On January 1, 1801, the parliament of Ireland was amalgamated with that of Great Britain and the second version of the Union Flag was proclaimed. To the already joined crosses of Saints George and Andrew was added the cross of St. Patrick: a red saltire (¥ ) upon a white field. The origin of the latter cross as an Irish symbol remains obscure. For about a century now, it has become almost de rigueur to question the paternity of this cross, as writers within and without Ireland have held that the association of this cross with Ireland was something fabricated at the time merely to provide a cross to be added to the Union Flag. However, recent scholarship has revealed that the red saltire on a white field was in use to represent both the country and St. Patrick by the early 1600s.24
Throughout the nineteenth century, the use of the Union Flag seems to have been largely confined to representatives of the Crown. At sea it identified the Royal Navy; on land it identified governors, lieutenant-governors, military forts and camps, and RCMP posts. As the Union Flag was a mark of officialdom, the public largely seems to have avoided it.
Two snapshot views of the use of flags on land by the Canadian public in the nineteenth century can be obtained by examining illustrations by William Bartlett in Canadian Scenery Illustrated, which presents Canada in 1838, and in George Grant's Picturesque Canada, which presents it about 1880. In 1838, no Union Flags are shown, but four Red Ensigns appear (two on forts).25 In 1880, eight illustrations show the Red Ensign in use on land, but only three show the Union Flag, two of which show it on government buildings.26 On each occasion the Red Ensign was the clear favourite.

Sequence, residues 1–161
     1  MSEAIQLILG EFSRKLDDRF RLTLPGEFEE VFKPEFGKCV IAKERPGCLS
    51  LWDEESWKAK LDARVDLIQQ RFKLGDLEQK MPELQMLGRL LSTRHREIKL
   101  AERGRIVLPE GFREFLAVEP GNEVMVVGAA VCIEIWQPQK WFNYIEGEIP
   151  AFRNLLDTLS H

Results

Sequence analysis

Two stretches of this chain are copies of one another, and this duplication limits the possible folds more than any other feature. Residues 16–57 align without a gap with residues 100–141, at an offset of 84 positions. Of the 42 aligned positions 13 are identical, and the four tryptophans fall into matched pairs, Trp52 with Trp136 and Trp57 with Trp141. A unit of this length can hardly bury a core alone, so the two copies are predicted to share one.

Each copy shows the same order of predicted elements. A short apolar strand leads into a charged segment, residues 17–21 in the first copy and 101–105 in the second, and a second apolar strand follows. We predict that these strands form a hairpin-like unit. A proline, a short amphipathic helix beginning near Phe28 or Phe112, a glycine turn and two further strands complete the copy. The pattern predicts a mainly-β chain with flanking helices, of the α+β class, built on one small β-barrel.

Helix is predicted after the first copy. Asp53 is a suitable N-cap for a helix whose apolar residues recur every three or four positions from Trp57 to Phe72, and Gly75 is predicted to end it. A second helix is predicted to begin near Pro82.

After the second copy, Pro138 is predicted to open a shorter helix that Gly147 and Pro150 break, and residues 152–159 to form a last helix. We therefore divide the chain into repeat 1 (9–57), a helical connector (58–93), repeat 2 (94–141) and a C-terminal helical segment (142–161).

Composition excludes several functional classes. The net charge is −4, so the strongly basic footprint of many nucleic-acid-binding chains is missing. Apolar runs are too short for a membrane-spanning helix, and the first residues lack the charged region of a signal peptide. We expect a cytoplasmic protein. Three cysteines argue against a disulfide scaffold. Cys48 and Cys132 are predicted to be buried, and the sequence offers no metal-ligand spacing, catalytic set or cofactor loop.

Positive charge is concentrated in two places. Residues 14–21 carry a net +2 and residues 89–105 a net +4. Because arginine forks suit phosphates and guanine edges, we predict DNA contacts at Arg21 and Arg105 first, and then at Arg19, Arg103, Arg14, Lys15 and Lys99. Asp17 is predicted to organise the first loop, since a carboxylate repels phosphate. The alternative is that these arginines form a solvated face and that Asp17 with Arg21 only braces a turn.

Articles written in the Canadian Almanac in the 1890s refer to the Canadian Red Ensign as "the flag of our country" and speak of its extensive public and private use, but offer not so much as a mention of any use of the plain Union Flag outside of military circles.27 The major public use of the Union Flag much prior to the twentieth century seems to have been as an additional piece of brightly coloured bunting almost lost among the acres of other flags of all sorts used to decorate dances and carnivals. Examples of this use can be seen in a number of pictures in the Canadian Illustrated News, a magazine published between 1869 and 1885.28 In the nineteenth century, public use of the Red Ensign dominated.
The Apotheosis of the Union Flag
If, before the turn of the twentieth century, public use of the Union Flag was indifferent, that picture was to change abruptly. On March 1, 1900, about two thousand students from McGill University in Montréal promoted the Union Flag as they invaded the buildings of the newspapers, Patrie, La Presse, and Journal. They then demonstrated at the city hall, and finally forced it to fly the Union Flag. From there they went on to the University of Laval where they forced a French Canadian student to raise the Union Flag on the mast. The next evening the unrepentant students intimidated shopkeepers into flying the Union Flag, but this time upon reaching Laval they were pushed back by fire hoses.29 Leave aside this egregious display of intolerance and bellicosity on the part of McGill's students; what had brought about the remarkable transition in the Canadian fortunes of the Union Flag?